Tuesday, September 11, 2007

Democracy and The Media

In an editorial in yesterday's The Seattle Times, FCC member Michael Copps (left), makes his case for democracy and against media consolidation that does not serve the public interest.

We have a system that has been buffeted by an endless cycle of consolidation, budget-cutting, and bureau-closing. We have witnessed the number of statehouse and city hall reporters declining decade after decade, despite an explosion in state and local lobbying. As the number of channels has multiplied, there is far less total local programming and reporting being produced. These days, if it bleeds, it leads.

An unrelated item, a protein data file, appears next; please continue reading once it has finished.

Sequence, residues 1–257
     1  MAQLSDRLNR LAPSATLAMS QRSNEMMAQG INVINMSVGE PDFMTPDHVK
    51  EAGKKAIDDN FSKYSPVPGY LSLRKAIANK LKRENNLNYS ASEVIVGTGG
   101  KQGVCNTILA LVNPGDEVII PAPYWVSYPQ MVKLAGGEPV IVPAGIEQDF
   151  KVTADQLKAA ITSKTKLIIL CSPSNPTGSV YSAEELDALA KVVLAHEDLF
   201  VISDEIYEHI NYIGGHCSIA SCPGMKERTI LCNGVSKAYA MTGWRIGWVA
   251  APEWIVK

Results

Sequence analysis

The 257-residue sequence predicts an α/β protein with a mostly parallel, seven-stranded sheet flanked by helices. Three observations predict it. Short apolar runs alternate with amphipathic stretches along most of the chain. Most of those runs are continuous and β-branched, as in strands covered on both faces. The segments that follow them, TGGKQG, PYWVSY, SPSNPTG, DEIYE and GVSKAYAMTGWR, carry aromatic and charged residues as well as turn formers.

If technology and changes in the economics of the news business have made the old ways impossible, then we need to find new ways to develop a media system that can serve democracy.
Note: The Seattle Times is exploring the state of American democracy and the news media in a series of editorials and essays titled 'The Democracy Papers." The series began yesterday.

Earlier: FCC brings media ownership debate to Chicago (end of post)

1 comment:

Watts22 said...

I do some work with NAB and I disagree with Copps' argument that corporate ownership is hurting media. When a market is highly fragmented between many independent owners, each one of them will broadcast the content that is most profitable. But when several stations in one market are afforded corporate resources, they are more likely to diversify content as there is no reason to compete against one another. This leads to more options for us, the listeners.